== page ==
I do not con­sid­er myself an expe­ri­enced pho­tog­ra­ph­er who knows the nuances of com­po­si­tion, or an expert on light­ing schemes in por­trait pho­tog­ra­phy. The rea­son for the 25x price dif­fer­ence between the Canon EF 16–35mm F2.8L III USM lens and the Yongn­uo YN 50mm f/1.8 Canon EF lens eludes me. There­fore, I am writ­ing not for spe­cial­ists who will find errors and inac­cu­ra­cies, but for ordi­nary ama­teur pho­tog­ra­phers.

Once I read an arti­cle about a way to pho­to­graph objects in com­plete dark­ness at a slow shut­ter speed with a flash­light. The tech­nique is called “Light brush” and is a vari­ant of the “Light graph­ics” tech­nique (for exam­ple, when a per­son with a flash­light runs in front of the cam­era at night and draws some kind of pat­tern).

Pho­to tak­en by light graph­ic method / Illus­tra­tion: sublument.com

And when using the light brush method, on the con­trary, an object is pho­tographed, which is illu­mi­nat­ed from dif­fer­ent sides by a flash­light.

What are the advan­tages of this method:

1. When shoot­ing sub­jects, there is no need for light­ing equip­ment. Enough, for exam­ple, a cell phone flash­light.

2. You can get the effect of “inner radi­ance” of the sub­ject if you do not illu­mi­nate the back­ground with the same inten­si­ty as the sub­ject.

3. Pho­tos are unusu­al because you can high­light one side more than the oth­er, com­plete­ly get rid of any shad­ow, try light­ing with dif­fer­ent col­ors, etc.

No cons what­so­ev­er:

1. You need a tri­pod or a sur­face on which the cam­era will be placed. Since the shut­ter can be opened and closed in the dark, there is no need for a remote con­trol for cam­eras. You can not be afraid to blur the pic­ture by press­ing.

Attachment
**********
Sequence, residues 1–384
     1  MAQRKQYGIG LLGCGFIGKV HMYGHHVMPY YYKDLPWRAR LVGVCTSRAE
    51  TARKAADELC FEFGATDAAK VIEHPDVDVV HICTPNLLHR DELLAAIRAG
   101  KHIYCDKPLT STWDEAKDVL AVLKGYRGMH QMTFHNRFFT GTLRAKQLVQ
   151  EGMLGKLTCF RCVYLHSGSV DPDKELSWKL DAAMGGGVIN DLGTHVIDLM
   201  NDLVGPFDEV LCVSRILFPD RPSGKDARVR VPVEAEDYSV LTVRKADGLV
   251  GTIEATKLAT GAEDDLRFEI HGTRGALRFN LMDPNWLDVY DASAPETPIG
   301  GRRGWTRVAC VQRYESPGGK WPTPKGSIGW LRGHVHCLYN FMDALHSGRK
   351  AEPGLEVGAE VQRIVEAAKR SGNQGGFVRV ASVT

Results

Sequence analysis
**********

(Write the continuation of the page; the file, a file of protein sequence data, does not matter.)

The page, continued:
2. Only sta­tion­ary objects can be pho­tographed in this way. A por­trait of a per­son, I think, can be done, but before that, he needs to be immo­bi­lized in some way. Of the humane, only a pho­to­graph of a sleep­ing per­son comes to my mind. Well, or, as por­traits used to be made, attach­ing the head and body to a spe­cial mech­a­nism.

The same device for immo­bil­i­ty mod­els / Illus­tra­tion: memolition.com

And one fea­ture — there is no way to know in advance how the frame will turn out, whether there will be enough light for the nec­es­sary illu­mi­na­tion of the matrix, what kind of glare from shiny sur­faces will be. But with a lit­tle expe­ri­ence, after a few pho­tos it becomes clear how to cov­er what exact­ly and for how long.

In gen­er­al, I had a tri­pod, a Nikon D7000 cam­era (they don’t make them any­more), a cheap Chi­nese sou­venir flash­light and time to try it.

It was the mid­dle of the day, the sun was shin­ing, so I decid­ed that it made sense to prac­tice in the bath­room, put things on the shelf, adjust­ed the focal length, set the ISO to the min­i­mum 100 units, set the shut­ter speed dial to 30 sec­onds, twist­ed the aper­ture to the max­i­mum val­ue of F / 29, turned off the light, opened the shut­ter of the cam­era, turned on the flash­light and began to dri­ve the flash­light beam over the com­po­si­tion.

Then the mean­ing of the name of the tech­nique “Light brush” came to me — it’s like you are using a brush, only instead of paint — a light beam, you draw over the com­po­si­tion, care­ful­ly cov­er­ing it with light, try­ing not to miss any­thing.